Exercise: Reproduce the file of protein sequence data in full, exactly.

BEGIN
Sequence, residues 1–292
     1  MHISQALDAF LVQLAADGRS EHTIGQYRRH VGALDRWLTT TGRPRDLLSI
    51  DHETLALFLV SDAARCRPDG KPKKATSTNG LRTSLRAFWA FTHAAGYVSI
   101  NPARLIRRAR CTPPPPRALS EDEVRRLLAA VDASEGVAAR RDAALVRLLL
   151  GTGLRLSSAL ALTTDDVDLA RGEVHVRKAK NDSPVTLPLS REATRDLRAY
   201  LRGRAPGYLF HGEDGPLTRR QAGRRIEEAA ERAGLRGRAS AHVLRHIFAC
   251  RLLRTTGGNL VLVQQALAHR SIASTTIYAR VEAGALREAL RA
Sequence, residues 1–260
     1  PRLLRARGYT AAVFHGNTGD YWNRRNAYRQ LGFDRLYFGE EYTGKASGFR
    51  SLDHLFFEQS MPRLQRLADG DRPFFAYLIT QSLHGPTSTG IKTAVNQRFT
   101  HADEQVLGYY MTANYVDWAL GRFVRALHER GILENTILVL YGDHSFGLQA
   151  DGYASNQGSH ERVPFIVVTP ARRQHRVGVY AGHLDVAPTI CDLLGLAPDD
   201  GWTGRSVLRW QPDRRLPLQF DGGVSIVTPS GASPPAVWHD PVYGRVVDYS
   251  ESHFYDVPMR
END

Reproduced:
Sequence, residues 1–292
     1  MHISQALDAF LVQLAADGRS EHTIGQYRRH VGALDRWLTT TGRPRDLLSI
    51  DHETLALFLV SDAARCRPDG KPKKATSTNG LRTSLRAFWA FTHAAGYVSI
   101  NPARLIRRAR CTPPPPRALS EDEVRRLLAA VDASEGVAAR RDAALVRLLL
   151  GTGLRLSSAL ALTTDDVDLA RGEVHVRKAK NDSPVTLPLS REATRDLRAY
   201  LRGRAPGYLF HGEDGPLTRR QAGRRIEEAA ERAGLRGRAS AHVLRHIFAC
   251  RLLRTTGGNL VLVQQALAHR SIASTTIYAR VEAGALREAL RA
Sequence, residues 1–260
     1  PRLLRARGYT AAVFHGNTGD YWNRRNAYRQ LGFDRLYFGE EYTGKASGFR
    51  SLDHLFFEQS MPRLQRLADG DRPFFAYLIT QSLHGPTSTG IKTAVNQRFT
   101  HADEQVLGYY MTANYVDWAL GRFVRALHER GILENTILVL YGDHSFGLQA
   151  DGYASNQGSH ERVPFIVVTP ARRQHRVGVY AGHLDVAPTI CDLLGLAPDD
   201  GWTGRSVLRW QPDRRLPLQF DGGVSIVTPS GASPPAVWHD PVYGRVVDYS
   251  ESHFYDVPMR